A decision under the ARPANS Act on a licence application has to be robust and stand up to scrutiny by all interested parties (stakeholders). The decision is reviewable and appeals can be made. One of the main purposes of consultation is to take stock of information and knowledge among interested parties in order to take the best informed decision possible, and in doing so, make the decision more robust. This does not mean that the interested parties’ views will determine the outcome of the licensing process however effective consultation ensures that the views of interested parties have been heard and their knowledge considered in a manner that is transparent and reflected in the SoR for the decision.

There is no prescribed format for consultation, apart from an obligation to invite submissions. A variety of models can be considered, depending on the type of facility and the associated radiation risks, as well as available resources. These include information/consultation meetings with the general public; meetings with specific stakeholders; web-based mechanisms for information exchange; hearings; or a combination of several of these activities. The optimal method for consultation is best agreed with the interested parties themselves.

ARPANSA also endeavours as much as practicable to engage with stakeholders regarding storage and disposal of radioactive waste before the formal lodging of an application. The purpose is to outline the role and responsibilities of ARPANSA in regards to the protection of health and safety of people, and of the environment and what can be expected from the agency before, during and after a licensing decision. ARPANSA does not take on an advocacy role in relation to any specific plan or concept.

The role of regulators in interacting with stakeholders in matters that relate to the establishment of radioactive waste management facilities is recognised internationally, while also acknowledging that the ultimate responsibility for safety rests with the operator. The Organisation of Economic Co-operation and Development (OECD), through its Nuclear Energy Agency (NEA), describes this role in The evolving Role and Image of the Regulator in Radioactive Waste Management: Trends over two Decades, as reflected below.

A green hexagon with the letters 'CP' in the middle to indicate concepts and principles.
The role of the regulator in stakeholder interaction, OECD-NEA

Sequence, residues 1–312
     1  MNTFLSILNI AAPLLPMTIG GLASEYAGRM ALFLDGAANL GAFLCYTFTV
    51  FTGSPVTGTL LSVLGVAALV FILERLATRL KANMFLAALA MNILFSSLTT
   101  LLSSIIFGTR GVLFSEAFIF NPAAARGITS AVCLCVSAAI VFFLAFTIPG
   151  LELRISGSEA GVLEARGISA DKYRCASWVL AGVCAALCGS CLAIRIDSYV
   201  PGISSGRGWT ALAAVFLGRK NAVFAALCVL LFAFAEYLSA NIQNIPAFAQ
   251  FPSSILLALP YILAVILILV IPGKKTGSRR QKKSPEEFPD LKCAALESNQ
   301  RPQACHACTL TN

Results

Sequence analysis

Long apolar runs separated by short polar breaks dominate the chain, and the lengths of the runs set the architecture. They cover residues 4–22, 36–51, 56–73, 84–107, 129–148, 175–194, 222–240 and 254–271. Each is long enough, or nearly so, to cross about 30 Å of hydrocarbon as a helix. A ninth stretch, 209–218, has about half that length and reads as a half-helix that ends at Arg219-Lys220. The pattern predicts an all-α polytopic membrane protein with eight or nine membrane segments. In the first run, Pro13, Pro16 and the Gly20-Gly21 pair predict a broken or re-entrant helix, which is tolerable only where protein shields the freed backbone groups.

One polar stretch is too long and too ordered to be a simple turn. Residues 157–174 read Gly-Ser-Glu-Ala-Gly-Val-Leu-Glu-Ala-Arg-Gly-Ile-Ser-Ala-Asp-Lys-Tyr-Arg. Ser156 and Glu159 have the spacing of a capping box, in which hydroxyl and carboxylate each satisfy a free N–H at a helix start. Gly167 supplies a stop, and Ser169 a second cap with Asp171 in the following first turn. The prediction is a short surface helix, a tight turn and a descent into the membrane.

Since the responsibility of nuclear safety regulators is to protect public health and the environment, regulators have a mission in service of the public. Ideally, and subject to any legal constraints, the regulators should be “guarantors” of safety and the “people’s expert”, acting as an accessible resource to stakeholders addressing safety concerns. Nuclear safety regulators should thus establish and maintain open channels of communication with the general public, implementers, government departments, parliament, concerned action groups and others. Appropriate mechanisms of dialogue must be found with the different stakeholders.

4.2.4.    Appeals

The ARPANS Act provides a right of appeal of the CEO’s decision in relation to a licence or an application for a licence to the Minister of Health. However this right of appeal is restricted to an applicant for a licence or a licence holder. 

Third parties who are sufficiently affected by the decision may seek a judicial review of the CEO’s decision under the Administrative Decisions (Judicial Review) Act 1977. However a judicial review involves only a review of whether the CEO made the decision in accordance with the law and not whether the decision was the right one or should have been different. 

In general, interested parties who have concerns about the appropriateness of granting a licence to a particular facility should utilise the public consultation process to express and explain those concerns. Where, in a particular licence assessment process, there is no requirement for a formal public consultation, ARPANSA provides a mechanism via its website for concerned individuals to report safety concerns in relation to existing or proposed facilities and activities. This information is treated confidentially to the extent allowable under the law.

Where there are suggestions of impropriety either by the applicant or ARPANSA in the licence application and assessment process, certain individuals (generally public officials or former public officials) can make protected disclosures under the Public Interest Disclosure Act 2013 (PID Act). For more information on the PID Act and how to make a disclosure see ARPANSA’s website.